Then the Internet happened. Moore’s Law took root and processing power went exponential, storage costs dropped like rocks. The cost to purge data became greater than to maintain. Bookstores, newspapers, libraries and anything dead tree oriented faced irrelevance. After a long separation, metadata was reunited with data, but not from the world of library science. Google Books and Amazon’s Search Inside are great examples of bringing content together with data, allowing users to simultaneously perform full text searches and query metadata.
Contrast this with the world of geospatial data, where metadata remained off to the side, completely divorced from content. This is effectively not much more advanced or useful than the days of card catalogs. This is why we take it so seriously at Urban Mapping. In the next few months we’ll be unveiling a significant improvement over current geospatial metadata, but more on that later…
Ok, what does this have to do with domestic surveillance you are thinking? With the NSA demanding telephony metadata from Verizon and President Obama assuring Americans that nobody is listening to your phone calls, what exactly is the big deal? Below is a list of what could be provided. On the left is the demand, the center column is a list of derivative information (meta-metadata?) that could be compiled based on logs from Verizon, and the right column indicates what this could mean.
The bottom line in Mapland is a mantra we’ve had in place for years: One person’s metadata is another person’s data. The Verizon-NSA issue is case study #1 in how metadata plays a critical role in surfacing actionable insights. In this case, political and security considerations are paramount, but it very clearly illustrates the concept. It’s been taken from wonky to pedestrian in a matter of days and hopefully future uses of metadata cease containing the term in quotes.
We’re taking it on the road! UMI’s own Jessy and John will be representin’ in Minneapolis, May 22-24 at FOSS4G North America. We are a Gold level sponsor and will be on hand to spread the word about how powerful and user-focused geospatial software combined with a rich collection of high-value data is the way to go! If your travels call for FOSS4G, please drop us a note and let us kn0w!
Map conference season is upon us! And the State of the Map confab will be happening in San Francisco this June 8-9. Urban Mapping is proud to be a Gold level sponsor–we’re underwriting several scholarships and will have a presence at the event. OpenStreetMap has served us very well over the past five plus years–we love the ability to custom style and render tiles for use within Mapfluence and for customers like Tableau Software. It’s a sort of reunion for extended family, some of whom we haven’t yet met. If you are attending the conference, please be sure to drop us a note or say hi at the event!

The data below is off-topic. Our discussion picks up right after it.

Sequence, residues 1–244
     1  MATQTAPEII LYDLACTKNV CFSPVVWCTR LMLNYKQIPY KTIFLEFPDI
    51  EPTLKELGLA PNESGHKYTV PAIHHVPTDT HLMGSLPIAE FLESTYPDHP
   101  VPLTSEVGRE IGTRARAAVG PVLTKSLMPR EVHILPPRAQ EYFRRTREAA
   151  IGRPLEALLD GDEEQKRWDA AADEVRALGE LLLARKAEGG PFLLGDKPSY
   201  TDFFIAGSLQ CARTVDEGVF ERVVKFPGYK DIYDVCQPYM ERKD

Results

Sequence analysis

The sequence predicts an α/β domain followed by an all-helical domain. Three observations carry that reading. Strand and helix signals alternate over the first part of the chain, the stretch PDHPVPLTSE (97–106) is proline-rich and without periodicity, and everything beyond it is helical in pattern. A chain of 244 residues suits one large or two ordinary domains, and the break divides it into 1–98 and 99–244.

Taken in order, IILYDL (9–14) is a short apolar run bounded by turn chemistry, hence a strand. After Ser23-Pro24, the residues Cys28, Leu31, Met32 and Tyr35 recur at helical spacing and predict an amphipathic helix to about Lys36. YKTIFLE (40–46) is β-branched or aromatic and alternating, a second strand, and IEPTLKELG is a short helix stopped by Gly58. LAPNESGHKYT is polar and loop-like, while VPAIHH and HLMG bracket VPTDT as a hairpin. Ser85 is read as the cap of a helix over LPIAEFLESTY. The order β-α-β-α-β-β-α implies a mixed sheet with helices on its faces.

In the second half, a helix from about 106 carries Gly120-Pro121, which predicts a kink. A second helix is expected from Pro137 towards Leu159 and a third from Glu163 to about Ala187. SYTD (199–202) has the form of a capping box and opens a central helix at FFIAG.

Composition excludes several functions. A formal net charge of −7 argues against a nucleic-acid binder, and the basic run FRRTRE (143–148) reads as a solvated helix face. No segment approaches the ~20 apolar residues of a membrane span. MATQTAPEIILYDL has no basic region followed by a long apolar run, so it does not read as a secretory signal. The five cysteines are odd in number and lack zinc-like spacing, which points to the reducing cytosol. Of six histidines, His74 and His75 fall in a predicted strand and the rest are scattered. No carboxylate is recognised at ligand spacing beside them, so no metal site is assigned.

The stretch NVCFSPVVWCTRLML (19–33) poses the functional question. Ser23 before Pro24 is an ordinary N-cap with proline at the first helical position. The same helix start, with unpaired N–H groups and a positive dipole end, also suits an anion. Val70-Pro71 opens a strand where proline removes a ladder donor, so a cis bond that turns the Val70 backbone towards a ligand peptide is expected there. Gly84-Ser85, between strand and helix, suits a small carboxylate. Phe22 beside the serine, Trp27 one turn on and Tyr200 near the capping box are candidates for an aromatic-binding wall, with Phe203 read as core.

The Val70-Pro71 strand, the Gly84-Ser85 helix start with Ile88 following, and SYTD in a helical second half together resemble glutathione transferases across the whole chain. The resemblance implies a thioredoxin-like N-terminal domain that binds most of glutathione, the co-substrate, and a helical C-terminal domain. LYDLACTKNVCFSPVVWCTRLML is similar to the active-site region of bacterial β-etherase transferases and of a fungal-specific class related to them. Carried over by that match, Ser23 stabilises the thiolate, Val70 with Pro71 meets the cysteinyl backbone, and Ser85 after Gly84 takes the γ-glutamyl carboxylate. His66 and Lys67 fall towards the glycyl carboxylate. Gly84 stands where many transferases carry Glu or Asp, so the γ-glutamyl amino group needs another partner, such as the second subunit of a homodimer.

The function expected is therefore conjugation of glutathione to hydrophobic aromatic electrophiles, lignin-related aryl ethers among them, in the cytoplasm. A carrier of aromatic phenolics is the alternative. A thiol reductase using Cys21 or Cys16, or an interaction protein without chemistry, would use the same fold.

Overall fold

PyPg Day 2013, otherwise known as PostgreSQL Day at PyCon US is happening on March 13 at the Santa Clara Convention Center and UMI is proud to sponsor the event, getting us premium logo placement on banners and tees! We’ll have some of our engineering staff there to learn, educate, mingle and have fun. If you are interested in attending, don’t delay, register today!
Postgres and Python are both vibrant communities that have much in common. Both at their core are open communities that believe in making the world better through the software they release. Beyond the similarities in the communities, many Python users are Postgres users and vice-versa. The overlap in users between these communities allowing the opportunity for both to benefit from closely timed and coordinated events it makes it easier on attendees of both.
PyPgDay 2013 will be a full-day event with talks about PostgreSQL and Python, including talks by contributors to PostgreSQL, Django, PostGIS, and Python. Half the talks will help PostgreSQL DBAs, and the other half will focus on developing Python applications using Postgres features. There will also be a party in the evening.
This year’s Urban Mapping holiday party is planned and ready for execution! Bring your season’s finest and be prepared to enjoy! This year we’ll be at Ozumo, right near the historic Embarcadero. Festivities begin early in the evening, but that’s only for Umibot and friends. We hope you can make it from 9pm until late.
For those cartographers out there, you are no doubt familiar with the adulterated “Chevalier” Commercial, Pictorial and Tourist Map of San Francisco From Latest U.S. Gov. and Official Surveys.